We have become more aggressive on tours - Smith
When Graeme Smith first toured New Zealand he was 23 years old. He had already been South Africa's captain for nine months and 13 Test matches, won seven of them and had two double hundreds to his name. He hid his inexperience behind a veneer of bullishness, while displaying his obvious talent.
Eight years have passed since then and Smith has captained South Africa in 74 more Tests, 34 of which have ended in victory. He has scored 17 more hundreds, not even a velvet curtain can hide his feelings now and he has collected battle scars from all around the world. His most recent one is the bruising on his forearm, sustained after being hit by Morne Morkel in the first net-practice of the current tour, but it will not stop him from leading South Africa in Dunedin.
South Africa drew the 2004 Test series, Smith's only previous one in New Zealand, 1-1. Smith says the side is better equipped to win this time because, like him, they are older and wiser. "We were a little wet behind the ears then," Smith said at the University Oval. "We have a far more attacking mindset now. Before, we used to tour wanting to see how well we could do; now we tour thinking 'we've come to here to win'. It's a very different thought process."
Series wins abroad, most notably in Australia and England, have contributed to the Test side's growing self-assuredness. Since winning a home series for the first time since 2008 - they beat Sri Lanka 2-1 in 2011-12 - South Africa have become known as the most consistent side in Test cricket, and can become the top-ranked Test team if they beat New Zealand 3-0. Also aiding South Africa is the fact that they dominated New Zealand in the Twenty20s and ODIs preceding the Tests, something Smith said would have dented the hosts' confidence.
"After losing the way they did, if we can perform well in this first Test match maybe we can dent that confidence even more; and New Zealand have a lot of players involved in both series, even though they do get three of four key players back. Maybe their confidence is not as thick and strong as it was a few months ago. Hopefully we can get into that and open it up a little bit."
Smith said the bowling attack South Africa have on this tour is more dynamic than the one that they had on their last trip to New Zealand, which featured Shaun Pollock, Andre Nel and Makhaya Ntini. This season has seen the emergence of fast bowler Vernon Philander, who stunned both Australia and Sri Lanka with little more than the ability to bowl almost no bad balls and enjoyed a return of 30 wickets from his first four Tests, and legspinner Imran Tahir, who gives South Africa another attacking option.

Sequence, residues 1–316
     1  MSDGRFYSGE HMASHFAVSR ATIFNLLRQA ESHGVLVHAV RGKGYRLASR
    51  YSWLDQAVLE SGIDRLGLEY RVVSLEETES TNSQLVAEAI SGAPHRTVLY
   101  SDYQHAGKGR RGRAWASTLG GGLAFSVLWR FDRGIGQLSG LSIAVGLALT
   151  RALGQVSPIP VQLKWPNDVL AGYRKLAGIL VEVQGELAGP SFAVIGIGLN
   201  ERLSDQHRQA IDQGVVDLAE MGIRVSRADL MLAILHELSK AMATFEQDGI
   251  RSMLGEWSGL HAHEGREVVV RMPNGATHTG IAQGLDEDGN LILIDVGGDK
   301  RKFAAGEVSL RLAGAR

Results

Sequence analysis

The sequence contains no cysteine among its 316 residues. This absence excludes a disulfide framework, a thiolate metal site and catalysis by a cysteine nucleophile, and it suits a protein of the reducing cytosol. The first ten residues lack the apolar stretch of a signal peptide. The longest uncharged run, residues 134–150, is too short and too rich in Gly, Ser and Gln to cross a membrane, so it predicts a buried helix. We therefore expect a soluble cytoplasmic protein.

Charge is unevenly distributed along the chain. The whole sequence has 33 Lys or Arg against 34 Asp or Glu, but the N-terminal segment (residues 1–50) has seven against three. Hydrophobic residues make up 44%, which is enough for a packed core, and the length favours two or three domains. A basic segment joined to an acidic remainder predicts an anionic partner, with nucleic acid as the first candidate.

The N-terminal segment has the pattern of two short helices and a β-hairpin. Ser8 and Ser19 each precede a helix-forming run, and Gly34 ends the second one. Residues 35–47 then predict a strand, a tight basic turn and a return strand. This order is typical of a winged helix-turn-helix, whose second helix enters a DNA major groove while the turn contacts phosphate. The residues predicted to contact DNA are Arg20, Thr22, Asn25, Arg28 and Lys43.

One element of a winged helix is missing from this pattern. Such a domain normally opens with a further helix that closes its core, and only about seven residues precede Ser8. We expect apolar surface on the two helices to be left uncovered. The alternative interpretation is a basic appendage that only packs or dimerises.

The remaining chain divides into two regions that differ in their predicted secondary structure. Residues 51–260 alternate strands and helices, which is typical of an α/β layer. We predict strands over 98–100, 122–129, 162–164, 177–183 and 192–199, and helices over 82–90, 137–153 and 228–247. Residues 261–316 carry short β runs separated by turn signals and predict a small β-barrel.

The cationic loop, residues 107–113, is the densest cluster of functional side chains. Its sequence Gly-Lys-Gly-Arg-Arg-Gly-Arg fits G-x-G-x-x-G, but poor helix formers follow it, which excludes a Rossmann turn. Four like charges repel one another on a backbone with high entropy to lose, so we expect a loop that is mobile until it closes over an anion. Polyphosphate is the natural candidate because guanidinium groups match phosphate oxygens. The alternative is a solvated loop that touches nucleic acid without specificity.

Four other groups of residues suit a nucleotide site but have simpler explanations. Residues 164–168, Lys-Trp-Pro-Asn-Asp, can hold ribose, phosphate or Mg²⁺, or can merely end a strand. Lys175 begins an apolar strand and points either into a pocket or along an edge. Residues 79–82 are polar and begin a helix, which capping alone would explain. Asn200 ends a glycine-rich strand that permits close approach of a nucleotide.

"He's had an unbelievable start to his Test career," Smith said of Philander. "He has a very different style to the rest of our attack. He asks a lot of questions with the ball, he is in the right area more often than not and even on flat wickets gets the ball to talk a little bit. He brings a lot of consistency to our attack and I think he has been a real asset in addition to the pace of Dale [Steyn] and Morne [Morkel.
"We've got a lot more pace now than we had eight years ago. We've also got a legspinner now."
Tahir has not had a massive impact on the five Tests he has played so far but will be in the starting XI in Dunedin, as part of coach Gary Kirsten's plan to give players a sustained run.
Kirsten is one of the reasons for South Africa's changed approach. If there is a man who can introduce a philosophy to help South Africa achieve things they have previously been unable to, like spending time at the top of the Test rankings, Smith believes Kirsten is him. "More than anything, of all the coaches I have been under, Gary brings a much more relaxed, mature approach to the way he runs the team. We've grown a lot over the last few years and need someone to take us to the next level in terms of maturity, and the way we play and think about the game."
Edited by Dustin Silgardo
Firdose Moonda is ESPNcricinfo's South Africa correspondent